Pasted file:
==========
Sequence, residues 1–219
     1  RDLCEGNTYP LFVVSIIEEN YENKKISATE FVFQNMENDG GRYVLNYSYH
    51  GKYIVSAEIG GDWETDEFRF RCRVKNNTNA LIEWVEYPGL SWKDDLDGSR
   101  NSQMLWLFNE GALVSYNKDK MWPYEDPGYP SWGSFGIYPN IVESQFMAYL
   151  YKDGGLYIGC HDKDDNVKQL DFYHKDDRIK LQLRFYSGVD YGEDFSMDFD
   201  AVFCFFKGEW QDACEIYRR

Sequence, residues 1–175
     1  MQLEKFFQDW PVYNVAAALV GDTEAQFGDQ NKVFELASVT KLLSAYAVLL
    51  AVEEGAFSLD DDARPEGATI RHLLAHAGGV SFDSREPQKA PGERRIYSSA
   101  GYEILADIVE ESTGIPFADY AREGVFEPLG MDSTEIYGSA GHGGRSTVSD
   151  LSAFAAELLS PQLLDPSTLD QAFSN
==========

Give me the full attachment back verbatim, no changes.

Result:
Sequence, residues 1–219
     1  RDLCEGNTYP LFVVSIIEEN YENKKISATE FVFQNMENDG GRYVLNYSYH
    51  GKYIVSAEIG GDWETDEFRF RCRVKNNTNA LIEWVEYPGL SWKDDLDGSR
   101  NSQMLWLFNE GALVSYNKDK MWPYEDPGYP SWGSFGIYPN IVESQFMAYL
   151  YKDGGLYIGC HDKDDNVKQL DFYHKDDRIK LQLRFYSGVD YGEDFSMDFD
   201  AVFCFFKGEW QDACEIYRR

Sequence, residues 1–175
     1  MQLEKFFQDW PVYNVAAALV GDTEAQFGDQ NKVFELASVT KLLSAYAVLL
    51  AVEEGAFSLD DDARPEGATI RHLLAHAGGV SFDSREPQKA PGERRIYSSA
   101  GYEILADIVE ESTGIPFADY AREGVFEPLG MDSTEIYGSA GHGGRSTVSD
   151  LSAFAAELLS PQLLDPSTLD QAFSN